2. Have you observed any regional or national specificities regarding connectivity (e.g. Internet industry development)?

  3. Do you know of existing policy measures, and private sector or civil society initiatives addressing connectivity? If yes, was the policy a government policy, industry policy (either collective best practice or corporate policy), technical policy, or did it pertain to civil society collaboration? Describe them.

  4. In your opinion, what worked well in the development of the policy, and what impediments were encountered?

  5. What was the experience with implementation?

  6. Did you experience any unintended consequences of policy developments/interventions, good and bad?

  7. Can you think of unresolved issues where further multistakeholder cooperation is needed?

  8. Did you gain any insight as a result of the experience?

  9. List proposed steps for further multistakeholder dialogue/actions.

3. Chair [provided by the Host Country]
Name tbc

4. Moderator(s)
Benedicto Fonseca (Brazil) and Constance Bommelaer (ISOC)
5. Panelists
Carl Bilt

Alex Wong (WEF)

Alliance for Affordable Internet DG (AFAI)




Other industry CEO

World Bank DG


Africa IGF

Asia Pacific IGF




Other universities

Representatives from the 6 Best Practice Forums (BPFs)

Other suggestions?
6. Structure
The first half of the session, (90 minutes) could be focused on a roundtable discussion which refers to the compilation output and addresses some of the main challenges and obstacles identified by the community in the paper, panelists could be prepared to make interventions and moderators would give the floor to participants as well. The second half could then focus on tangible ways to address the challenges and overcome the obstacles, identifying solutions that are already being rolled out and hopefully some new ideas that could also come from the panelists/contributors to the compilation document/from the floor. Best Practice Forum experts and coordinators, relevant dynamic coalition representatives and National/Regional IGF initiative coordinators would feed into the discussion as the moderator’s walk through the output compilation, depending on their focus of work.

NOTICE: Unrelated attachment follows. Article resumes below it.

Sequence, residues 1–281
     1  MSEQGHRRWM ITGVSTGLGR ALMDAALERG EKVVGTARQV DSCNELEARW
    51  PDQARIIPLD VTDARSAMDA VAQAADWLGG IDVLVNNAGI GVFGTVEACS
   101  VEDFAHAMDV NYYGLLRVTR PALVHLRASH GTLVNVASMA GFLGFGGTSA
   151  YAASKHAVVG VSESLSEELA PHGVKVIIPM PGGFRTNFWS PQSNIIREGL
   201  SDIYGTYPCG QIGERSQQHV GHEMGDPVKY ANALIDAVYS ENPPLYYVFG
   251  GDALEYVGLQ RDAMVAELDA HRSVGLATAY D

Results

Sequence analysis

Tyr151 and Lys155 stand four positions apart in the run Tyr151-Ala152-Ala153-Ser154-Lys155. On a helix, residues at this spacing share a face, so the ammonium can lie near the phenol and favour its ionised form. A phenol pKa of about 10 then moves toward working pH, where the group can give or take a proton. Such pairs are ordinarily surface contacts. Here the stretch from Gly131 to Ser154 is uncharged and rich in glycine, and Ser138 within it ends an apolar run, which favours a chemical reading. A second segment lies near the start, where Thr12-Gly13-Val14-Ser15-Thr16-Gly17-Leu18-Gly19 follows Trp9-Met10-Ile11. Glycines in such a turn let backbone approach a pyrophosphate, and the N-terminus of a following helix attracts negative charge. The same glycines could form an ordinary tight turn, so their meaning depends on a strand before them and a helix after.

9:00 – 9:30: Overview of process, defining the issue,etc.

9:30-10:30: Interactive roundtable discussion focused on obstacles/challenges coming from selected ‘panelists’ that represent some of the Orgs that have been active and have contributed background contributions and from National and Regional IGFs, BPFs, DCs.

10 minute break
10:45 – 11:30: Interactive roundtable focuses on identifying tangible solutions, policy options/recommendations – solution oriented focused on the identified challenges and obstacles, trying to identify partnerships, match-making exercise.
11:30-12:00: Wrap-up with continued focus on matching obstacles with potential solution ‘policy options’.

7. Remote moderator

8. Feeder workshops

  • 6 Best Practices Forums

  • Dynamic Coalitions

  • SD Main Session

  • X workshops